Lilly Christine series of performance photographs published in Picture Digest June 1956.
Watch Irish McCalla, the woman they cast instead (and her monkey) below!
Bandit in High Heels, no date, was part of the continuing demented line extensions of Leonard Burtman's Exotique series. As usual, featuring his wife Tana Louise, here shown towering over Maureen, the "bandit" who hid in her apartment. Preposterous beyond all reason, but with pictures a plenty to inspire the transvestite cross-dressing community. Burtman's slogan had become "A new type of photo-fiction" for some unknown reason. The considerable text, using phases like "her thighs were plump and creamy" would appeal to any man, but it was men who dressed like women who were increasingly becoming Burtman's audience.
Issues of his Exotique Magazine are still being offered in this digest. Interestingly, Lenny was also selling "all 36 chapters" of Tana Louise posing in actual photographs for the serial Deborah. The price? Twenty-five dollars, a figure equivalent to nearly TWO HUNDRED DOLLARS today. That would have been about the price of the television Maureen hides behind her. Save your pennies, you sexual rebels, or stick with the digests. This was sold through the mail for a buck or two, and likely marked up a few more in Times Square.
Consisting of detailed passages objectifying the clothes rather than the women, this material is hardly misogynistic, and to lump Burtman's material here into porn would be a mistake. It is far more role play and underwear advertisement.
No Date, circa 1960 Bandit in High Heels Exotique Burmel Publication. Collection Victor Minx.
THE RARE DIGESTS IS A REGULAR FEATURE ON VINTAGE SLEAZE THE BLOG. BANDIT IN HIGH HEELS IS NUMBER 51 IN THE SERIES. SEE THEM ALL ON VINTAGE SLEAZE.
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Party Records. Big ten inch 78rpm records some jerk always lugged to a party under his arm that your grandparents attended. Funny then, funny now. Sometimes confiscated by the moral guardians! They know better than you, after all. As soon as ANY technology could...it was used to tell a dirty story. You will note only one has a copyright? These generally had none. The lowlifes who sold them didn't want to advertise it. Hence, only record collecting nerds have them today.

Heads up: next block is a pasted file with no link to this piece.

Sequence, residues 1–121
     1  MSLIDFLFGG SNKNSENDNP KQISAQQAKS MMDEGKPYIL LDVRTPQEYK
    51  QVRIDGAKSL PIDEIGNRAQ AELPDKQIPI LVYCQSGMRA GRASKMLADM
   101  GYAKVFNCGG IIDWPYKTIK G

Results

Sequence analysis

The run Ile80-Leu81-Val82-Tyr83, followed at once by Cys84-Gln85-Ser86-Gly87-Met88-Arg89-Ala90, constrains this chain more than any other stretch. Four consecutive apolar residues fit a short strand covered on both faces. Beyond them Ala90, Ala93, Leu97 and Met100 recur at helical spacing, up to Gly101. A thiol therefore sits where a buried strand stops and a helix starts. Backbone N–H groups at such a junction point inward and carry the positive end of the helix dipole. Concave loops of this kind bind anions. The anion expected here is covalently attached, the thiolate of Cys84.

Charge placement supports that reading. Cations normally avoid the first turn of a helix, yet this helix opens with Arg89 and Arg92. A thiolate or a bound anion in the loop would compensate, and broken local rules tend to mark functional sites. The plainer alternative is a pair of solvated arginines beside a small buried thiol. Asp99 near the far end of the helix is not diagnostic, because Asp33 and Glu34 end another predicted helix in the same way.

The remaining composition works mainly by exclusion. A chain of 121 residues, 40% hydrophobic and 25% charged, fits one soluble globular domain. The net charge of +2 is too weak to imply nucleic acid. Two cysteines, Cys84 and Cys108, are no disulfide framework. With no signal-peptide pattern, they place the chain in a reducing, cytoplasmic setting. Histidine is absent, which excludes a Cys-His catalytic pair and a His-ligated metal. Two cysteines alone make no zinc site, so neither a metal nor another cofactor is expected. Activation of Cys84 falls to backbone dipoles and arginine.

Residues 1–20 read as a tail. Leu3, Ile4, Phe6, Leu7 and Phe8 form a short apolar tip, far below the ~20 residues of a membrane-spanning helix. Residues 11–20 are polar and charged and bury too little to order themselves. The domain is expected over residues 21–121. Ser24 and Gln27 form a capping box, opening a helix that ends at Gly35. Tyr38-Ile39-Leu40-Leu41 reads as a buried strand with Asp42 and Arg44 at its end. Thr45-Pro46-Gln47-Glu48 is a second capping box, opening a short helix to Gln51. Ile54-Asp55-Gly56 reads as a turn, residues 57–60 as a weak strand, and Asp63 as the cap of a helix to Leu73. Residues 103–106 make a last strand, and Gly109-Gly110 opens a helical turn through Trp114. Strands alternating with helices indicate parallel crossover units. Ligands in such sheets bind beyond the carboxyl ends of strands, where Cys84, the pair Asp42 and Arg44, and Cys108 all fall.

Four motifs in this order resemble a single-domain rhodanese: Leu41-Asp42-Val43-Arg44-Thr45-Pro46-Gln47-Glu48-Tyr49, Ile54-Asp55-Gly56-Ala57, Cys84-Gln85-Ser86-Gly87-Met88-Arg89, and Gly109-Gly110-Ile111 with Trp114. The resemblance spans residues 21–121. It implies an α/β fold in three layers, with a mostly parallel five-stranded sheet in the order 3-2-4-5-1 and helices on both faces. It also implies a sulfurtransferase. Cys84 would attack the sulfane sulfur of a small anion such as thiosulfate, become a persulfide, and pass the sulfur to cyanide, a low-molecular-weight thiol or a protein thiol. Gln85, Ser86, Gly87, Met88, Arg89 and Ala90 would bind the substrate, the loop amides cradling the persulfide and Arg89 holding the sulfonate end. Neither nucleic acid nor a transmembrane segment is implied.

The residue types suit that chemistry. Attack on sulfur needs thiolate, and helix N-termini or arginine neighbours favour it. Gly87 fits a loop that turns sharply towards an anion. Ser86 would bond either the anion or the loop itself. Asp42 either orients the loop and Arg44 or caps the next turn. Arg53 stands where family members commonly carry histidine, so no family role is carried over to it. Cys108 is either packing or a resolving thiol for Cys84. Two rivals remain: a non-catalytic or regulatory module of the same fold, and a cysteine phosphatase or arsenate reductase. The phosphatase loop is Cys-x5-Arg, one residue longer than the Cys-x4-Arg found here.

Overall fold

Group of original 10 inch 78rpm "Party Records" collection Victor Minx
Books, ebooks and Instant PDF downloads by the author available HERE
Circa 1935 "Instruction Manuel" Collection Victor Minx
Books, Ebooks and PDF Downloads available HERE
The Bizarre mind of Eugene Bilbrew and his steady hand create a fetish corset fantasy for Leonard Burtman. Circa 1960 See also TIMES SQUARE SMUT the book on the way. Books in Print currently
with free previews HERE
Jennie Lee Hicks, the famous burlesker.
Jennie Lee The Bazoom Girl in action and with tired feet. The star of "She Dood it in Dallas" folks. Miss 44 and Plenty More.
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Since it is December, what better time to present the Bettie Page Postcards. Florida awaits!
Timeless beauty. I know this because at least one was still being printed 20 years after Bettie Page quit modeling! The most absurd, of course, is the New Orleans card which used a Bunny Yeager photograph and added a reptile. Daytona Beach got into the act too…Bettie is the only beauty with black hair in the bevy of beauties on the beach. The best way to obtain cards is by finding the 'BETTY PAGE POSTCARD BOOK" which was produced in 1996 by Tashen. Some joint called Zazzle sells a dozen or more, but they are modern and the pictures are images which were not used on original vintage cards. I have tried not to include any modern cards.
Who shot Ms. Page for Postcards? B. Amaddeus Rubel did, a prominent Florida photographer and H. W. Hannau, also notable. Of course, Bunny Yeager. I believe the vintage shots used were taken in 1954. Most, of course, had a slogan:
"One of our attractions in Florida, Besides oranges, sunshine, beaches, etc."
"A Saucy Cutie Waits for You" (Bunny Yeager) produced and printed in sunny West Nyack, NY in " Genuine Natural Color by Dexter Press"
"It's Great to Be Here" (On a GIANT postcard which required 3 cent postage) published by Lunsterchrome from the Tichnor brothers in Boston
"Sunshine and Beauty"
"Beauty in the Breeze"
There are certainly more. I cribbed these images from the web except for my own, a gift from a kindly woman in Florida. Which is where ALL Bettie Page postcard should be mailed from.